The big financial achievement reported in this year’s Cohort (LSE:CHRT) annual report is record revenue for the year to April 2023. Perhaps the organisation of the company’s businesses into two operating segments tells us more about how the business is developing though.
Cohort is a gaggle of six specialist defence technology firms, which is now reporting as two divisions, each containing three subsidiaries. The Communications and Intelligence division provides hardware and software for collecting, processing and communicating information. Its products and services include radio equipment for boats and armies, and electronic warfare data management, tools, training and support.
The Sensors and Effectors division makes sonar, radar and visual systems for detecting, identifying, tracking and targeting threats.
In reality, any attempt to summarise the businesses glosses over a wide variety of specialist products and services. They range from ear defenders for soldiers to cyber-security consultancy, and related products and services for military and civilian customers, transport authorities and the NHS, for example.
The company supplies Ministries of Defence in the main, and also their suppliers, defence contractors and systems integrators.
Moving with the times...
When Cohort floated in 2006, it operated only one business, a training company SCS, which was subsequently wound down in 2016. Some of its activities were redistributed to Cohort’s early acquisitions, principally MASS, an electronic warfare and cyber-security expert, and SEA, which makes maritime and land systems.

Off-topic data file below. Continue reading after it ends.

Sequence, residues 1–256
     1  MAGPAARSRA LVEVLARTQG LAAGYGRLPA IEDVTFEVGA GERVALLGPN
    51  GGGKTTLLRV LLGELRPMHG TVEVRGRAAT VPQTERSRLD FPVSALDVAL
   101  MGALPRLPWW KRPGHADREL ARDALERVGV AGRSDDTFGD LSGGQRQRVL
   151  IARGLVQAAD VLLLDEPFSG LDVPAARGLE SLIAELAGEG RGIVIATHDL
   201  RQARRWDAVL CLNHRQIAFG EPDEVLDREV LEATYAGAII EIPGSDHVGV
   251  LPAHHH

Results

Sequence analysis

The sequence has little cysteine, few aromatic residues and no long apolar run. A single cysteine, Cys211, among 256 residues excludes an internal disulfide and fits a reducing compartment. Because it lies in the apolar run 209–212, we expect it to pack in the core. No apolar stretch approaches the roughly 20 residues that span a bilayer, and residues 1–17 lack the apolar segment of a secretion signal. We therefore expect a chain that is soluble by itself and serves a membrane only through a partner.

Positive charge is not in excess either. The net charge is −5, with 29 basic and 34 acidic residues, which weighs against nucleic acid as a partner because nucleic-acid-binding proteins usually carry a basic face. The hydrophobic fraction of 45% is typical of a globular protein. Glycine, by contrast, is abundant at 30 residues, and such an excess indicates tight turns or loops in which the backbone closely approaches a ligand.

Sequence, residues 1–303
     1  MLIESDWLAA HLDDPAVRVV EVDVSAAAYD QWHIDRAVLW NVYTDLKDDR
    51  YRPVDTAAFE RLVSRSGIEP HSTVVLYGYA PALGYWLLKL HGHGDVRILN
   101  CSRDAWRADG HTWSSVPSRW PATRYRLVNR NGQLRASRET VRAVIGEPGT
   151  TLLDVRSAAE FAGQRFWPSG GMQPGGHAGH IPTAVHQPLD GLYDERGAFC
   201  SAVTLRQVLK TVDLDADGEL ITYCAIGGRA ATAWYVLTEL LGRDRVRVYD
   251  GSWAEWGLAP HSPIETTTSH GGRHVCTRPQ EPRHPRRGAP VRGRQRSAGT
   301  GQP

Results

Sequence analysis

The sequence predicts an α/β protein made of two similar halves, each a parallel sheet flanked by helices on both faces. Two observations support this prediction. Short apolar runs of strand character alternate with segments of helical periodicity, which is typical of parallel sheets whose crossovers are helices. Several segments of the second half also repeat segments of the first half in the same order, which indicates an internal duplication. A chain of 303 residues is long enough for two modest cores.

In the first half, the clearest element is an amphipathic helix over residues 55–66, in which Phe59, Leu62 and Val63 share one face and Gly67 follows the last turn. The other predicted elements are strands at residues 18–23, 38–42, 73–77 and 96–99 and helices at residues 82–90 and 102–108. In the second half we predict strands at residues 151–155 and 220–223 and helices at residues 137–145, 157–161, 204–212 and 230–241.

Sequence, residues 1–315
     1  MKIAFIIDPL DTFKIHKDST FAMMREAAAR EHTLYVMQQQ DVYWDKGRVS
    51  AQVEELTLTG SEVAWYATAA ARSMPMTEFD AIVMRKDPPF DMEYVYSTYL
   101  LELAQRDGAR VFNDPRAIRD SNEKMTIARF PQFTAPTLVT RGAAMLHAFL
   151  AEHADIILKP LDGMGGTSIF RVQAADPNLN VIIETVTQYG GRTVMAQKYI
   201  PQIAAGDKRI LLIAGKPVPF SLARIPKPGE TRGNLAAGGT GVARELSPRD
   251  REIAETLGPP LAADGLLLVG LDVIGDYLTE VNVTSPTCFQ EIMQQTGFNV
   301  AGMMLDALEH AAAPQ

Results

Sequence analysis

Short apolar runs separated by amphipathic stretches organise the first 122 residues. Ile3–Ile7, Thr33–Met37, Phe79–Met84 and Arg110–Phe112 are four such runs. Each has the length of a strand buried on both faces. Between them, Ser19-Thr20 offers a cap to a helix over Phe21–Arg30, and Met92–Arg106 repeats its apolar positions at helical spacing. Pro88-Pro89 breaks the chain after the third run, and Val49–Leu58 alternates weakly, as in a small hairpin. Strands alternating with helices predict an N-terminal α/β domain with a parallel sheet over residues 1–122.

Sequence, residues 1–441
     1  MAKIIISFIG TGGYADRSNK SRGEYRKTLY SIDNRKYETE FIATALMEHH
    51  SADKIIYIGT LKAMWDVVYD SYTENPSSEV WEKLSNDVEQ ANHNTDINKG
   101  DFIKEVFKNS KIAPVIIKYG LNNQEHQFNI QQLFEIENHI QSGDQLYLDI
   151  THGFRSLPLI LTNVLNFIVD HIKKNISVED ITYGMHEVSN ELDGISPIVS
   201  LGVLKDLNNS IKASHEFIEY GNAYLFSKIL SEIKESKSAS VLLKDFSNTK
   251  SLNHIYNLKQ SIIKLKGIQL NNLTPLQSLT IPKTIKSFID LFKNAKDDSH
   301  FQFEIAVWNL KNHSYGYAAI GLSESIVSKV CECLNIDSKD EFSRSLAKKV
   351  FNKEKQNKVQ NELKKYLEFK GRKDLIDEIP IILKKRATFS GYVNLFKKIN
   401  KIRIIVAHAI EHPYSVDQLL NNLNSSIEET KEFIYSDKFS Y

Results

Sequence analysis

While these companies still do training and consultancy, mostly for the UK Ministry of Defence, Cohort’s strategy in recent years has been to reduce its dependency on UK military spending by growing exports.
It has acquired exporters like Chess, which makes visual tracking and targeting systems, and overseas businesses, like EID, which is headquartered in Portugal and makes communications systems, and ELAC, a German manufacturer of sonar systems.
The product focus was driven in part by changes at the UK MOD which, in response to funding problems, brought more training in house, but hardware and software is also easier to export than research, training and consultancy.
Brings mixed results...
The results of this strategy, though, have been mixed. While Cohort has reduced its dependence on the UK MOD to around 50% of revenue and grown revenue at a compound annual growth rate of 7%, profit has barely grown since Cohort made its first overseas acquisition, EID, in 2016.
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Central costs are rising as a proportion of revenue as the company has to deal with different commercial, legal and financial jurisdictions, fund a new Long Term Incentive Plan, and encourage its largely autonomous subsidiaries to work more closely together, by sharing customers, expertise, and collaborating on projects.
It looks as though more manufacturing, and more subsidiaries, are creating a more complex, capital-intensive business, and this is reflected in lower profit margins and maybe lower cash conversion as Cohort ties up more money in working capital.
It also brings into question whether the acquisitions were worth it. While its operations are still highly profitable, Cohort’s Return on Total Invested Capital (ROTIC) is only 9%. ROTIC includes the unamortised cost of goodwill and other acquired intangible assets, and if it does not improve, it is barely adequate.
CORRECTION: due to a spreadsheet error, this article stated that Cohort's profit has barely grown since 2016 and the accompanying table also shows a 0% seven year growth rate. In fact adjusted operating profit after tax has grown at a compound annual growth rate of 6%. Sorry for the error. New table now included.
Depressed profit margins in 2023 were largely due to circumstances at the three recent acquisitions, exporter Chess, and Cohort’s two overseas businesses, EID and ELAC. Under new management, Chess, acquired in 2018 has been terminating unprofitable contracts and, although the company has reported a “much better” financial performance than in 2022, it is still not as profitable as Cohort believes it will be.